On a recent Sunday morning, just before a game against the Chicago White Sox, Royals outfielder Alex Gordon sat at his locker and studied a 3x5 card.
The card listed Chicago’s lineup and bench players and was divided into two categories: It told the Royals left fielder where he should position himself when the Royals had a right-handed pitcher on the mound, and where he should position himself when the Royals had a left-handed pitcher on the mound.
Those categories were subdivided into positioning before the hitter had two strikes on him and after the hitter had two strikes; that’s necessary because some hitters alter their approach once they get into a two-strike count.
Gordon doesn't carry the card with him to the outfield. He memorizes the card before the game starts. But some of the Royals' outfielders carry them in their back pockets or keep them in their hat and refer to them during games.
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Royals outfield coach Mitch Maier was happy to share what's on the cards — he said the team's outfield positioning isn’t a secret. All an opposing team has to do is look at the field to know what the Royals are doing.
There are a couple of keys to deciphering the cards.
If a box next to a hitter’s name says “ST,” that means straight up; if you drew a line between first and second base and continued that line into the outfield, and the left fielder stood on that line, that would be straight-up positioning.
“L” stands for line, and “G” stands for gap. The number that follows indicates how many steps in that direction the outfielder should position himself. “G-1” would tell the left fielder to move one step toward the left-center gap.
A white background indicates straight-up positioning; green means the outfielder isn’t playing straight up; and red means the outfielder should also play in. If a Royals outfielder gets confused, he can always look at Maier in the dugout and get help with his positioning.
That’s what the cards are.
Here’s how they’re created.
The Royals' analytics department supplies Maier with “heat maps” — color-coded charts showing where the opposing hitters tend to hit the ball. Cool colors indicate few balls hit into that area; warm colors indicate more balls hit into that area. But heat maps are only the beginning.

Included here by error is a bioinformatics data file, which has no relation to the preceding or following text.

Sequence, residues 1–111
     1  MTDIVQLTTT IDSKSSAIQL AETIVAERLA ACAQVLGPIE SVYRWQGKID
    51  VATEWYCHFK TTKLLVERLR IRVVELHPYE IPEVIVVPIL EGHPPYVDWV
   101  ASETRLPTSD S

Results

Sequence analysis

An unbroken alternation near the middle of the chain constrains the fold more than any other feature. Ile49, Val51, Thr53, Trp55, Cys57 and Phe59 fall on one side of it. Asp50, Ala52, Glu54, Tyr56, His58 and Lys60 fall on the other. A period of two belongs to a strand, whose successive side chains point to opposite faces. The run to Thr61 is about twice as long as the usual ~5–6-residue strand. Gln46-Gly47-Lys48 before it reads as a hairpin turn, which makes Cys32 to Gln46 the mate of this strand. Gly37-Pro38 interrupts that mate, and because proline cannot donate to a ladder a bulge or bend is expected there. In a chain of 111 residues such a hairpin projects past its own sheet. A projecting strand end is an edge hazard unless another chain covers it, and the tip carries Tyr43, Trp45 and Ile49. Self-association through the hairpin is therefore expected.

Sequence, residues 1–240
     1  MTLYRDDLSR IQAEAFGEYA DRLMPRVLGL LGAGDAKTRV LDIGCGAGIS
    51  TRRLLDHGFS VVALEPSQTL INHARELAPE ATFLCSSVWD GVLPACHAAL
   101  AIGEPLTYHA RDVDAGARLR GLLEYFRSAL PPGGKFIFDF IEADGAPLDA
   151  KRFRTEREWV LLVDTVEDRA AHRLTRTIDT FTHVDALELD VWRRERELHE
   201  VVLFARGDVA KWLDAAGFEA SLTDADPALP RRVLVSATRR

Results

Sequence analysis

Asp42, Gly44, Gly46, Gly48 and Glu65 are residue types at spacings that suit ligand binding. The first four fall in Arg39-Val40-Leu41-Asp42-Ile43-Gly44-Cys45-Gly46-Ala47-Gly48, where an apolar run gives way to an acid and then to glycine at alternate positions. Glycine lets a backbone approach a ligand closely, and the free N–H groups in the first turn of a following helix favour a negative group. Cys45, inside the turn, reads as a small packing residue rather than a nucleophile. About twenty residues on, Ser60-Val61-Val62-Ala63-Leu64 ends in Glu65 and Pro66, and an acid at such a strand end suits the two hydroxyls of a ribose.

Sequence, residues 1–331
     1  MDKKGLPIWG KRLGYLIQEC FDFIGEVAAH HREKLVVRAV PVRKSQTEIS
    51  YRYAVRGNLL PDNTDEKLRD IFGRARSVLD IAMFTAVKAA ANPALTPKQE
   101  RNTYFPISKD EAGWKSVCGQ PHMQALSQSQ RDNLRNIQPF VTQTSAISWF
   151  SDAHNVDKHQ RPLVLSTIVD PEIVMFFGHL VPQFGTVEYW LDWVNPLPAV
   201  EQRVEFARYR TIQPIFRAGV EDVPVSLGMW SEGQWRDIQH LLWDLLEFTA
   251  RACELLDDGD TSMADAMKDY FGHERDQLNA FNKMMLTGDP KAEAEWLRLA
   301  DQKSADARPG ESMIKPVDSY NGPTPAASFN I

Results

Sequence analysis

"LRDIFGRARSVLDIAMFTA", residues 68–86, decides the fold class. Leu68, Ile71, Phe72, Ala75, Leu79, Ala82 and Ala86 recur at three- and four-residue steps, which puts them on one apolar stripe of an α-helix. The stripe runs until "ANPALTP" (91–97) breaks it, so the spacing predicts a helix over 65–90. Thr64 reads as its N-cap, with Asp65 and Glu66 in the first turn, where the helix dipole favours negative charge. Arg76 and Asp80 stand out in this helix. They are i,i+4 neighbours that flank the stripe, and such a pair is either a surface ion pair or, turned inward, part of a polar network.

The heat maps might represent hundreds of at-bats against all the pitchers the hitter faced during a given time period. They give Maier an overall idea of where opposing batters tend to hit the ball.
But then he looks at specific matchups with the Royals' pitchers. For instance, where do opposing hitters tend to hit the ball when Danny Duffy is on the mound?
If the sample size is too small to draw conclusions, Maier can look for “similars” — left-handed pitchers who have similar stuff to Duffy's. That can help Maier decide where to place the Royals' outfielders when Duffy is pitching.
The matchups can get even more specific.
Say Royals pitcher Ian Kennedy likes to throw a back-foot slider to a certain left-handed batter once he has that hitter in a two-strike count. If Kennedy gets the slider down and toward the hitter’s back foot, he’s got a great chance of getting a swing and miss. But if Kennedy misses his spot and leaves the slider up and over the plate, the hitter will pull that off-speed pitch down the right-field line.
It’s Maier's job to make sure the Royals have an outfielder standing there when the ball comes down.
Hitters do not remain constant; they go through hot and cold streaks.
So advance scouts watch the teams the Royals are about to play and report back. A hitter might have a history of hitting balls up the middle and the other way, but right now he’s pulling the ball. The advanced scouting reports go into the mix of information used to decide positioning.
The radar gun
A pitcher's velocity can also affect the outfielders’ positioning.
It depends on the pitcher. Kennedy might throw a 92 mph fastball, but because of movement and deception, hitters react like it’s 96 mph. Another pitcher might actually throw 96, but because his fastball lacks movement and deception, hitters react like it’s 92.
Outfielders can’t just look at the radar gun and decide where to stand.
Know your enemy
Maier said it was interesting to see how other teams positioned themselves against the Royals' hitters; some teams would play a Kansas City hitter to pull, while another team might play the same hitter to go up the middle or the other way.
Former Royals outfield coach Rusty Kuntz said a divisional opponent would probably do a better job of positioning than a team the Royals see only once in interleague play. The divisional opponent would have a better idea of how to play them. Theoretically, the positioning in the third game of a series should be better than the positioning in the first game.
Appreciating what you have
One night, former big-league umpire Steve Palermo and I were watching a Royals game that wasn’t going well.
At one point during the game, he turned to me and said, “You know what? In this entire country, there are only 15 big-league baseball games being played tonight, and we’re lucky enough to be at one of them.”
The Royals' season has not started well. They have a losing record. But borrowing from Palermo's point of view, only 30 cities in the entire country have a baseball team, and Kansas City is lucky enough to be one of them. Palermo is gone now, but his words of wisdom live on: Until things get better, Royals fans should enjoy the game for what it is.
Even if your team loses, every game contains moments worth watching. And once you know a little more about outfield positioning and the work that goes into it, a routine fly ball to an outfielder can be one of them.